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Home > Publications > International Concrete Abstracts Portal
The International Concrete Abstracts Portal is an ACI led collaboration with leading technical organizations from within the international concrete industry and offers the most comprehensive collection of published concrete abstracts.
Showing 1-5 of 8 Abstracts search results
September 1, 2007
L. Ferrara, Y.-D. Park, and S.P. Shah
This work presents the results of a research project aimed at assessing the correlation among fresh state behavior mechanical properties in the hardened state and fiber dispersion in steel fiber reinforced concretes. Three fiber reinforced concretes were hence designed and targeted to different levels of fresh state performance: a vibrated concrete, a self consolidating one and a third exhibiting segregation. Fiber reinforcement consisted in all cases of 50 kg/m3 hooked end steel fibers, 35 mm long and with an aspect ratio equal to 65. Square plates 600 mm wide and 60 mm thick were cast for each mix. The dispersion of fibers within the specimens was investigated through Alternate Current Impedance Spectroscopy (AC-IS). Finally, beams were cut from the plates and tested in 4-point bending. From the load-crack-opening and load-deflection response toughness and stiffness parameters were computed to assess the behavior at serviceability and ultimate limit states.
The influence of fiber dispersion and orientation in thin plates on the measured mechanical properties is discussed and a correlation is attempted with parameters, such as fiber spacing, suitably defined to represent the dispersion, detected as above.
The results clearly highlight the connections existing between fresh state behavior, fiber dispersion and mechanical properties of SFRC, pointing out their importance for a design of the material composition as well as of the casting process "tailored" to the specific structural application.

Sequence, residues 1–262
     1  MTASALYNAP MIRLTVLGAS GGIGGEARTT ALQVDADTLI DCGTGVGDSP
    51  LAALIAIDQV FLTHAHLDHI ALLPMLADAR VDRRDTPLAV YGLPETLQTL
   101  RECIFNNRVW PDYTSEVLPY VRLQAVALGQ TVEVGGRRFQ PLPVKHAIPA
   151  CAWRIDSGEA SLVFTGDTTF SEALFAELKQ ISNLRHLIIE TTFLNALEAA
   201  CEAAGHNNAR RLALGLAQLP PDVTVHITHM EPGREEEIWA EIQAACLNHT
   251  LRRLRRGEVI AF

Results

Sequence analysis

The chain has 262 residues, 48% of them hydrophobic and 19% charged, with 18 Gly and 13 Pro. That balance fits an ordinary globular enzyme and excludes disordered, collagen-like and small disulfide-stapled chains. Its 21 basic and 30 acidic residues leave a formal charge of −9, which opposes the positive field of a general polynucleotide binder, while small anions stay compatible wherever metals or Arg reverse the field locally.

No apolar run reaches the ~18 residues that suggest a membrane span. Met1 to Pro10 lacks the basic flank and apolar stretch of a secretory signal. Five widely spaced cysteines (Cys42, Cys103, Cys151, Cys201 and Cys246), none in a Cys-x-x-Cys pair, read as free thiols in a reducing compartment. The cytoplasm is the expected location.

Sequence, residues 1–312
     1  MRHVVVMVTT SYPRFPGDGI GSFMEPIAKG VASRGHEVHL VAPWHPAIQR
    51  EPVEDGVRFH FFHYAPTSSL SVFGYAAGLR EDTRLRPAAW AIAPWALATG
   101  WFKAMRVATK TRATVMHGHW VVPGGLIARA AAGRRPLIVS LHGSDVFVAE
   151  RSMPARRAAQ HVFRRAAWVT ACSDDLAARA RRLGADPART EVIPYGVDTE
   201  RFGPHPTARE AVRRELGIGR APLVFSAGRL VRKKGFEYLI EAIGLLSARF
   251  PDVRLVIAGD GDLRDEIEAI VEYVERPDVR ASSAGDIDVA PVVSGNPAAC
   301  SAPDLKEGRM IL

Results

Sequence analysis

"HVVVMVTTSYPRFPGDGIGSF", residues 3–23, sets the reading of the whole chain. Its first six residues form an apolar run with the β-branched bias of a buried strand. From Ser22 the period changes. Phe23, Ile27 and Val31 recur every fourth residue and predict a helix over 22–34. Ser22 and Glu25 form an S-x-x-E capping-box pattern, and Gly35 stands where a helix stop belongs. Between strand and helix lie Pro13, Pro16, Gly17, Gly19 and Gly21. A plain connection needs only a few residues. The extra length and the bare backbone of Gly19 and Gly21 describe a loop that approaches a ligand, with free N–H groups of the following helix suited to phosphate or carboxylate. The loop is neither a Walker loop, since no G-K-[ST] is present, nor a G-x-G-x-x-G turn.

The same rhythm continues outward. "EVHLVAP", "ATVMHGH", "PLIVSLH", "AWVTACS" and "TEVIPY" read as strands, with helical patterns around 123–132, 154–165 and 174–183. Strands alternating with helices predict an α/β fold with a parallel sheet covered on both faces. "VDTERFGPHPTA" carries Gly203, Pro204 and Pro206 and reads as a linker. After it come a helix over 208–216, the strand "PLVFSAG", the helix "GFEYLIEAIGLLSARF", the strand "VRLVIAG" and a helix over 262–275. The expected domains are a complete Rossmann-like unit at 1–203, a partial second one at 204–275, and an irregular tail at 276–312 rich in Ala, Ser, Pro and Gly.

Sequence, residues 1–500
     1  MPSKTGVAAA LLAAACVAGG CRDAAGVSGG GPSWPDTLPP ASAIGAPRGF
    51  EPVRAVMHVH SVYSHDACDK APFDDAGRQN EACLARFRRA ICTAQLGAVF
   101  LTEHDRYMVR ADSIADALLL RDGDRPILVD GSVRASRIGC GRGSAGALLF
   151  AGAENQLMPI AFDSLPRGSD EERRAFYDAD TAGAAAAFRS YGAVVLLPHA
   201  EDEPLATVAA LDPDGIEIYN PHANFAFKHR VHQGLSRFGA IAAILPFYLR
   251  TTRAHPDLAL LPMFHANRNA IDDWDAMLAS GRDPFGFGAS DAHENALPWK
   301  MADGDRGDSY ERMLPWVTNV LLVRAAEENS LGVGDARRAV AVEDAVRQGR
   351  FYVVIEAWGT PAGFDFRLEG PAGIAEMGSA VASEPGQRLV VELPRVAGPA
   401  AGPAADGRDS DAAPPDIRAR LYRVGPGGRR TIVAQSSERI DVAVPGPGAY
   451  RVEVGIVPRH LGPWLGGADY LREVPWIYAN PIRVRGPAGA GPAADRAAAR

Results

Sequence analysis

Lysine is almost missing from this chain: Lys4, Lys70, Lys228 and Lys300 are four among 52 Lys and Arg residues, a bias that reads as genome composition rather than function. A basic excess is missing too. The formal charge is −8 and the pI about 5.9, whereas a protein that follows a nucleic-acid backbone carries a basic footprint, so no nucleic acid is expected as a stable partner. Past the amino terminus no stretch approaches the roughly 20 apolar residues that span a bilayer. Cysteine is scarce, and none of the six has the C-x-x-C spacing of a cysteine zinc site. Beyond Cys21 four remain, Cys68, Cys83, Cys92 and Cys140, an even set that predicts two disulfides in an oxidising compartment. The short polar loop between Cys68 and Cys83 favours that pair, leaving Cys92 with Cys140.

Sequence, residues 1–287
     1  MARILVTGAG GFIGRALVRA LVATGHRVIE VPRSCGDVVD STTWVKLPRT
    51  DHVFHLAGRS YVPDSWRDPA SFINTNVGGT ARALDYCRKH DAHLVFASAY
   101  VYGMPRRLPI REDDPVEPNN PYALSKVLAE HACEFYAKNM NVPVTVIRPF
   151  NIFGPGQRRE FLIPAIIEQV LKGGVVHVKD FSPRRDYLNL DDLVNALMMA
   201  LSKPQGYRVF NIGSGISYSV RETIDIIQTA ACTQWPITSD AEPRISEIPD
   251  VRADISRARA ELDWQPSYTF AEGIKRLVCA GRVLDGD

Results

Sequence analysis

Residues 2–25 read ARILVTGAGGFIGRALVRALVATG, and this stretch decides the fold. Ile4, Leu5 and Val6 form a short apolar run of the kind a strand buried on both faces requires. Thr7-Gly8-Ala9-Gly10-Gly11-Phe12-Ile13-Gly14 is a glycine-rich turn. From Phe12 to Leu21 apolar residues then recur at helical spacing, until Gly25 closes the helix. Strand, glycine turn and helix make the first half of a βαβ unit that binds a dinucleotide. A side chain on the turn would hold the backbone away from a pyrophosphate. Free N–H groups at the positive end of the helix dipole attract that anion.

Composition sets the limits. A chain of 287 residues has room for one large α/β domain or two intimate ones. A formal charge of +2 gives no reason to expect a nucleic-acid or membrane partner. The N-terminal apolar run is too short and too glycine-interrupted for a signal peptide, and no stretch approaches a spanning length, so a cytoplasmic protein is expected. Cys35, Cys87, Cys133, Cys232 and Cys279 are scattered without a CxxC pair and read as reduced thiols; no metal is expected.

Fiber-reinforced concrete (FRC) has a post-cracking (residual) tensile strength which can provide extra stiffness to a reinforced concrete structure. This helps to reduce deflections and control cracking. Basic concepts of tension stiffening and the tensile capacity of the FRC at a crack are used to develop a rational model for both axial and flexural member stiffness. Axial member stiffness is defined by an effective concrete area and validated with experimental results. An effective moment of inertia is used to define the flexural stiffness, and the computed response of a plain reinforced concrete beam is compared with an FRC reinforced concrete beam. FRC is shown to increase member stiffness by between 10 to 50% depending on the amount and type of conventional reinforcement and post-cracking strength of the FRC used. The expressions developed for member stiffness are compatible with the ACI 318 approach of using an effective moment of inertia and can be easily incorporated into existing design procedures to ensure that deflection requirements are satisfied.
R. Gupta and N. Banthia